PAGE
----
However, one day a cyber-criminal somehow hacked into one of my online accounts and subsequently was able to gain access to 15 other online accounts that shared that same password, including my personal Gmail account, social media accounts and even had attempted bank logins. I quickly realized how dangerous it was to have shared passwords across the accounts.
The lesson here: Don’t wait to take cybersecurity precautions seriously!
It takes less time to implement cybersecurity precautions ahead of time, than it does to fix issues afterwards if neglected. You will ultimately save yourself a lot of stress, frustration and worry by taking cybersecurity/privacy seriously now, rather than after something unideal occurs.
- Learn more about Password Safety and Tips here!
3. Security BY Design: Don’t Head Into Battle Alone
Regardless of who we are, there are times we may need some help. Getting input from others on our team, or even outside our team can broaden our perspective, reveal things we might have missed, bring fresh ideas and improve our outcomes.
In the “Two Towers,” the second film in the “Lord of the Rings” trilogy– one of the greatest battles in fantasy history takes place. King Theoden would have been wise to bring in a fresh perspective and some additional muscle when he was facing the Oruk-Hai at Helms Deep. But instead of calling on Gondor for aid, he let his pride get in the way and nearly lost his kingdom.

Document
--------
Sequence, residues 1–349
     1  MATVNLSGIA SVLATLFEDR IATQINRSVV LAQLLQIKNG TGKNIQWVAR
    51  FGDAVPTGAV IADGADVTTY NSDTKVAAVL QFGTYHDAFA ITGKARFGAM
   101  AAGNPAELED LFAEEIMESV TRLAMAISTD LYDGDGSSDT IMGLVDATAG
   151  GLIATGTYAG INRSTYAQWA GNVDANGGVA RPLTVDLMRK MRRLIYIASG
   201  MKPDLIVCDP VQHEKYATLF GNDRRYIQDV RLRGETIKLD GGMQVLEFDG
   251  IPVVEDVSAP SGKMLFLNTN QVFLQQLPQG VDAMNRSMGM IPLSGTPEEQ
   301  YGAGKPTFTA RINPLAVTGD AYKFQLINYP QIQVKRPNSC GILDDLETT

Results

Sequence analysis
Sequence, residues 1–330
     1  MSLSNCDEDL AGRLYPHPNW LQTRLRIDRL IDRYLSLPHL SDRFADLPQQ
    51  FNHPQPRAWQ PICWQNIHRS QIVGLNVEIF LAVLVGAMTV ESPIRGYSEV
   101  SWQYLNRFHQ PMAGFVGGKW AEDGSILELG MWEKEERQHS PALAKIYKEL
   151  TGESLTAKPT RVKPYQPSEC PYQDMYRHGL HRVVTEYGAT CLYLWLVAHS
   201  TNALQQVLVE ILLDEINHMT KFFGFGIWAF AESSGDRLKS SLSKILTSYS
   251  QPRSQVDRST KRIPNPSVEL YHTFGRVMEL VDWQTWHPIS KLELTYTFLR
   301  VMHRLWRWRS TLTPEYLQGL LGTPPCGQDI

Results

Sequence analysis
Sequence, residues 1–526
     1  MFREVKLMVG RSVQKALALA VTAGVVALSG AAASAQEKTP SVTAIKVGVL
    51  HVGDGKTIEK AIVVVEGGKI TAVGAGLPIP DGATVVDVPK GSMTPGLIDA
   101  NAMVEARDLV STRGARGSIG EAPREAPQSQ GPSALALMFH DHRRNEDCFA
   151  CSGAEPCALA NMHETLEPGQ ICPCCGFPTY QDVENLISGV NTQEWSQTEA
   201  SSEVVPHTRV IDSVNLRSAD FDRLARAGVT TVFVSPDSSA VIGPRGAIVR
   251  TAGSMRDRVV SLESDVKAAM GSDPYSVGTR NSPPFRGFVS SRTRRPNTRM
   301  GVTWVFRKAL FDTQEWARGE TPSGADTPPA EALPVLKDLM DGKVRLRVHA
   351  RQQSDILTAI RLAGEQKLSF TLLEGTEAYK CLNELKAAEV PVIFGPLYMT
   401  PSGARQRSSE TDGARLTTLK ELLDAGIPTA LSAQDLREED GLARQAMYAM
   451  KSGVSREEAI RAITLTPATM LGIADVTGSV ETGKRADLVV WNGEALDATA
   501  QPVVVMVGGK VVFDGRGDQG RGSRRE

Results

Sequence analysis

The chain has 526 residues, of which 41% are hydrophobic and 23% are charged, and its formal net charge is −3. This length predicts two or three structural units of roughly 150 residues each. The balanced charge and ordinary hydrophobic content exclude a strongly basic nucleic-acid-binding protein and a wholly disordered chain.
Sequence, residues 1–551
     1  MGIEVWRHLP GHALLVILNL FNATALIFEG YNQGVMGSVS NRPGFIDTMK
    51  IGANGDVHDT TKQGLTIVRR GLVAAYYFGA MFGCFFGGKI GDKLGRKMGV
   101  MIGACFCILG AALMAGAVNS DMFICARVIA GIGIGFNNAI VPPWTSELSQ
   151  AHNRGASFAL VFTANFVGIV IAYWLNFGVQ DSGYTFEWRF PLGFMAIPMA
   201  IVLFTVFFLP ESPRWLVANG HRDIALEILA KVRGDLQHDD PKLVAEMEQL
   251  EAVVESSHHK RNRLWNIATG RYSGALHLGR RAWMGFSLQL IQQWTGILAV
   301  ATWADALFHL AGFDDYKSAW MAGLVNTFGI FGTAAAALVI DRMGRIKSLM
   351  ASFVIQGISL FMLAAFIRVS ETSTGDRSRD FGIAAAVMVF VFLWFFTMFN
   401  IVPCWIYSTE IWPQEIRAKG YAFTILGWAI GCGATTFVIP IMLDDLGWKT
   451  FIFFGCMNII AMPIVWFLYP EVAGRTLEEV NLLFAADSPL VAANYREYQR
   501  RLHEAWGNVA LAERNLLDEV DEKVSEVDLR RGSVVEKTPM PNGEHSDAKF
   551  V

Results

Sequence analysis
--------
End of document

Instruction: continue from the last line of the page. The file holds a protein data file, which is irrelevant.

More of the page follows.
When you’re mounting a big project, don’t head into battle alone. Call in aid, rally your troops, and charge ahead with cybersecurity in mind. Collaborating with cybersecurity right at the start is part of a core principle known as: Security BY Design. This ensures that hardware and software is built to be foundationally secure, right from the beginning.
Sometimes it’s easy to kick-start a project or initiative and save cybersecurity for the end of the process, but its way more effective, efficient, and secure to collaborate with cybersecurity at the start.
To continue celebrating October’s National Cybersecurity Awareness Month, we encourage you to join us for a Blue Yonder LIVE session on Tuesday, Oct. 18 at 1 p.m. MST for a special cybersecurity-focused session.
What: “Security BY Design: Boosting YOUR Cybersecurity Resilience”
When: Tuesday, Oct. 18 @ 1 p.m. MST
Description: Cybercriminals are continually targeting both individuals and organizations with complex, advanced attacks and humans are the target. In fact, ransomware is estimated to attack a business every 11 seconds! October is Cybersecurity Awareness Month so please join this special Blue Yonder Live session where hosts Nadia Hernandez and Corwin Tobias explore the best ways to defend ourselves against cybercriminals while boosting cybersecurity resilience both personally and professionally.
Additionally, if you want to learn more about Blue Yonder’s Cybersecurity program, Cybersecurity Awareness Month, or Cybersecurity in general, we recommend the following resources: